The gutter system collects and directs rainwater and melting snow away from your roof so they won’t form puddles on your property.
From Virginia to Maryland and D.C., rain gutters are loved and loathed in equal measure. Yet they still play a crucial role in safeguarding your home against water. They gather rain and melting snow on your roof and direct them away from your home’s siding and the foundation via the downspouts to the ground, where it can cause less harm. Because these systems are essential for your foundation and home’s structural integrity, you need to learn more about them so you can make the right choice.
What Is a Gutter?
A gutter is a half-pipe that directs rainwater from the roof to the ground. It usually runs along the eaves of the roof and is fastened to the fascia. Standard gutter profiles include “K” and “U” styles, and their difference is purely aesthetic. Both styles are available in different materials. The gutter’s position on the eve depends on the roof’s slope and the gutter’s pitch.
Gutter systems consist of two parts. The channel that runs along the roof’s edge and the downspouts that carry water down to the ground. Without these fixtures, rain can dump several gallons of water right next to your foundation and this can lead to a wet basement or crawl space.
Sizing Your Gutters
One of the important but overlooked aspects of guttering is sizing. The gutter’s size will depend on the rainfall intensity and the area of the roof. The roof’s length will also determine the downspout location, expansion joints, and gutter ends. Other factors that come into play during gutter installation include the outlet’s size and space, gutter shape, and the roof’s pitch. The gutter has to be big enough to handle fast-moving water from a steep roof.
Let’s look at some of the common gutter materials and their attributes.
Aluminum gutters: A low-cost drainage system, aluminum gutters are light-weight and rust-resistant. This type also holds up well against the elements, even in cold climates. Aluminum gutters are available in seamless models. Unfortunately, they aren’t as strong as the other guttering materials. That’s not to mention that poorly placed ladders can dent gutters, causing them to lose their shape.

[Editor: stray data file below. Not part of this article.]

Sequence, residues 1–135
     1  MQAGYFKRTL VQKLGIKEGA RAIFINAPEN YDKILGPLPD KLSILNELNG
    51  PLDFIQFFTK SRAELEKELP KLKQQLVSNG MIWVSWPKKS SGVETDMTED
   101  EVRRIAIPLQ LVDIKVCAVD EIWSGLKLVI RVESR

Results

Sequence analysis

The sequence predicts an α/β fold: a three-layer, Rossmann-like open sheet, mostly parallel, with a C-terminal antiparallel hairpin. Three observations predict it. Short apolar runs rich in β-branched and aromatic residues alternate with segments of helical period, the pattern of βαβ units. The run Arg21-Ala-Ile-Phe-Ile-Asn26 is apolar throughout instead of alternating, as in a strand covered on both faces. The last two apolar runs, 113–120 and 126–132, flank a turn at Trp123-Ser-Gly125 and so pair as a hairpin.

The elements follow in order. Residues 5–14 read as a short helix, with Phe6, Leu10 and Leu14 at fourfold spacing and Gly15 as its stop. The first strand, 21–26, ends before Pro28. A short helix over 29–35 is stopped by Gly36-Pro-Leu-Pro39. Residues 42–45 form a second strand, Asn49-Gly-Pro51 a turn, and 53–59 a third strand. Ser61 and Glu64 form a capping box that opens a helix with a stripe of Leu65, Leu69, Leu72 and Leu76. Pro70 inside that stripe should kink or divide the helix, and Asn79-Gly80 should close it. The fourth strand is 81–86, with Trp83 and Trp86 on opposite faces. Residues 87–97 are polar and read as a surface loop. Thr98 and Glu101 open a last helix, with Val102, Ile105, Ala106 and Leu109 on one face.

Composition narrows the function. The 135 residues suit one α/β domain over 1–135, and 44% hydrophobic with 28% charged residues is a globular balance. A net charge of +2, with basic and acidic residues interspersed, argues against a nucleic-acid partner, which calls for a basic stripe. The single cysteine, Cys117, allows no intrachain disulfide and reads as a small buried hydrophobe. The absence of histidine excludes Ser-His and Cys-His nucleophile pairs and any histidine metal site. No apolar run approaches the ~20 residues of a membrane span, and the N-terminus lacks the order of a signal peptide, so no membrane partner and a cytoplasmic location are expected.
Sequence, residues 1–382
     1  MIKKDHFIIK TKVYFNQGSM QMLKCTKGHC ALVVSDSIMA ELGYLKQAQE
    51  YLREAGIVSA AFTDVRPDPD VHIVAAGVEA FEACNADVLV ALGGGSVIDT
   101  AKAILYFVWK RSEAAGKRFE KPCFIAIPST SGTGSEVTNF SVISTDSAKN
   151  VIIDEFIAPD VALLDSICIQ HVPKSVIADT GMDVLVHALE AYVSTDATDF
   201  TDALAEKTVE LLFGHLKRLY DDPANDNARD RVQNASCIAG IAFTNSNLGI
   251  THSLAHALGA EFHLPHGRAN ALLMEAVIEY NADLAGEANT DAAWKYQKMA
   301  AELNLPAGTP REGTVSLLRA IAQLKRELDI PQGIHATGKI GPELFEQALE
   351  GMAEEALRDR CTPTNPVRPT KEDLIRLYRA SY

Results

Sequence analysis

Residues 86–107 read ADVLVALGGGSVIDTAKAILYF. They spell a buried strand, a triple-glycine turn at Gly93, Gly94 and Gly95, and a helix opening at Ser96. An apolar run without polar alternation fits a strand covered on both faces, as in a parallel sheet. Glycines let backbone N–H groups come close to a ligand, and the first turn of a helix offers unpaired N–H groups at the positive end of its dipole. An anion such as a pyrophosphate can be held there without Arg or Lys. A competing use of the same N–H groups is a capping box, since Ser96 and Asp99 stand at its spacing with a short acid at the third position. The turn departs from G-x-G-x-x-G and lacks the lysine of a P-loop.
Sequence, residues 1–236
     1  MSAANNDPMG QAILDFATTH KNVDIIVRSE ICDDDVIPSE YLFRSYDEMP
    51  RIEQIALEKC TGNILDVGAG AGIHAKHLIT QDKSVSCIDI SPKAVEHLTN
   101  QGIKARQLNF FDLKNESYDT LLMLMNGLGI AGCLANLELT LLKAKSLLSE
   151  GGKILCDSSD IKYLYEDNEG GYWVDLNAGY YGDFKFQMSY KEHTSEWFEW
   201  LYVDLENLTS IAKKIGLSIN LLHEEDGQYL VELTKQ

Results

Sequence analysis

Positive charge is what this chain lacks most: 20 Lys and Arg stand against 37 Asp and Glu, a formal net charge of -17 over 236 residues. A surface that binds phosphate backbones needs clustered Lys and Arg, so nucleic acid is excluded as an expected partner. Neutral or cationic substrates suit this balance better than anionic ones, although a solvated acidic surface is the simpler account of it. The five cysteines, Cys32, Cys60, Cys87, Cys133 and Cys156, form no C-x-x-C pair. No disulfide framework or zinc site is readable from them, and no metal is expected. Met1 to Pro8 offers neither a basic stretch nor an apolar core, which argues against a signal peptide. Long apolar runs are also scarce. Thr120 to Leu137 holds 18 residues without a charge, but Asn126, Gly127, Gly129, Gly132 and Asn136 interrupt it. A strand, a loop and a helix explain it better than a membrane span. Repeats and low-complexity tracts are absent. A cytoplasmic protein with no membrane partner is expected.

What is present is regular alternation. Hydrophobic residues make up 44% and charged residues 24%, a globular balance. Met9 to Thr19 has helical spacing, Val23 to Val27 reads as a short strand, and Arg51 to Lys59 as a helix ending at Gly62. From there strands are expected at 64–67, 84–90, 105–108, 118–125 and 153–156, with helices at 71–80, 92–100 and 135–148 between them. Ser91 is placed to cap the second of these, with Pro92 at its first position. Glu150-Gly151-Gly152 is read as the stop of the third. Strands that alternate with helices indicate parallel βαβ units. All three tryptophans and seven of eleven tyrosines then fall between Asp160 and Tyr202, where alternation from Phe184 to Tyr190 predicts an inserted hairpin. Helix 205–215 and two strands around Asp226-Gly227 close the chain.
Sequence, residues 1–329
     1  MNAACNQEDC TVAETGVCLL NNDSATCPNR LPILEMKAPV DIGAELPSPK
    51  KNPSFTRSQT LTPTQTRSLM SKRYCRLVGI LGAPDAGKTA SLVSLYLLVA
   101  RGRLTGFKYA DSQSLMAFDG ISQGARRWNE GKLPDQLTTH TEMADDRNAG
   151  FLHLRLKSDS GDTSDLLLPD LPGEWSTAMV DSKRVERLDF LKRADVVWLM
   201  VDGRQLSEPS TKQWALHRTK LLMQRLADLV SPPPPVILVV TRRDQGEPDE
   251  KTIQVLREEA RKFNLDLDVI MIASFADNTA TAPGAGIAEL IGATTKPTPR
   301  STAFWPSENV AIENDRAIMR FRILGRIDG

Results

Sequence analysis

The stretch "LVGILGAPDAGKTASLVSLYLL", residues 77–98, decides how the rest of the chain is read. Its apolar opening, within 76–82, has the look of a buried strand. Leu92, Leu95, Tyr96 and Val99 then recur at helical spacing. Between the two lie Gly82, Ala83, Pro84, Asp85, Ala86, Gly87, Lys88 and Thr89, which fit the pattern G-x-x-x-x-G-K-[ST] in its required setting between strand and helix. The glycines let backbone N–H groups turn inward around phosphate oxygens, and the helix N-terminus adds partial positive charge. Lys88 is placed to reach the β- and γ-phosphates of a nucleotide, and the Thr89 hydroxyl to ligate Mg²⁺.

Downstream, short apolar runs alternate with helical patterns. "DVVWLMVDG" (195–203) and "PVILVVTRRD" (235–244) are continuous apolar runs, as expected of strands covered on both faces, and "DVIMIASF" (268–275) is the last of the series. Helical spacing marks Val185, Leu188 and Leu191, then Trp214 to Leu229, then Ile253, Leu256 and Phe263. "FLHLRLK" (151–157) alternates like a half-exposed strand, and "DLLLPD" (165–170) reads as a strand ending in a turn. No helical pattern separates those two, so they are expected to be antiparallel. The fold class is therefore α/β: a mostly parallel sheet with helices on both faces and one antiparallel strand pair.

Copper gutters: Soldered at the seams, copper gutters are as durable as steel. Proper care can prolong their lifespan. The only barrier is their hefty price.
Vinyl gutters: Easily the homeowner’s favorite, vinyl gutters are cheap, easy to install, and corrosion-free. Some homeowners prefer them over metal gutters as they’re super light and have sections that snap together easily.
Stainless steel gutters: In addition to being strong, stainless steel gutters are virtually indestructible. They also don’t rust or deform easily like other gutters. Their only drawback is their price tag.
Wood gutters: They can still be found in historical homes. However, homeowners are ditching them for cheaper and durable guttering systems.
Except for wood, all the other gutter materials weather well. Galvanized steel and copper are superior as they can withstand the impact of a roof ladder and tree branches without cracking or denting.
While you can install guttering yourself, it’s best to leave it to professionals. A properly installed gutter will function properly and serve you for many years.
For gutters to drain properly, they must be pitched 1/16″ or greater per foot with the highest side farthest from the downspouts. This allows rain and snow that collects on your roof to drain quickly.
While gutters can run level for aesthetics, additional downspouts will be required. K-style gutters can be screwed directly to the home while U-style or half-round gutters rest in brackets. Straps can also be used to hold the gutters.
Gutter Maintenance and Repairs
Be sure to check hangers for looseness. You can replace them with gutter screws. Don’t let debris linger on the gutters. Remove them as soon as possible. If you’re not sure whether the downspouts have clogs, run a hose through the gutters.
Falling branches or leaning ladders can dent or deform your gutters. Cleaning and resealing the leaking joint area with caulk usually resolves the issue. To avoid future problems, it’s best to replace such gutters as their joints can also leak over time.
Frozen gutters and downspouts can cause water to spill over the roof and pool around your foundation. Flush your system before winter sets in. You can also invest in heating elements that run along the length of your gutters and downspouts.
If you have galvanized steel gutters, you need to keep an eye out for rust. Sometimes, the galvanized coating wears off and exposes the metal to water and air. Clean the rusty areas with a spray finish. Multiple applications are necessary for continued protection.
The idea of climbing the roof and cleaning gutters isn’t something many homeowners would want to do regularly. You can minimize the cleaning by installing gutter guards. Come autumn, you won’t have to deal with leaf-induced blockages.
Gutters are an integral part of your exterior waterproofing and drainage. For more waterproofing solutions, contact JES Foundation Repair. We will perform a free waterproofing inspection and make solid recommendations to keep water out of your home.
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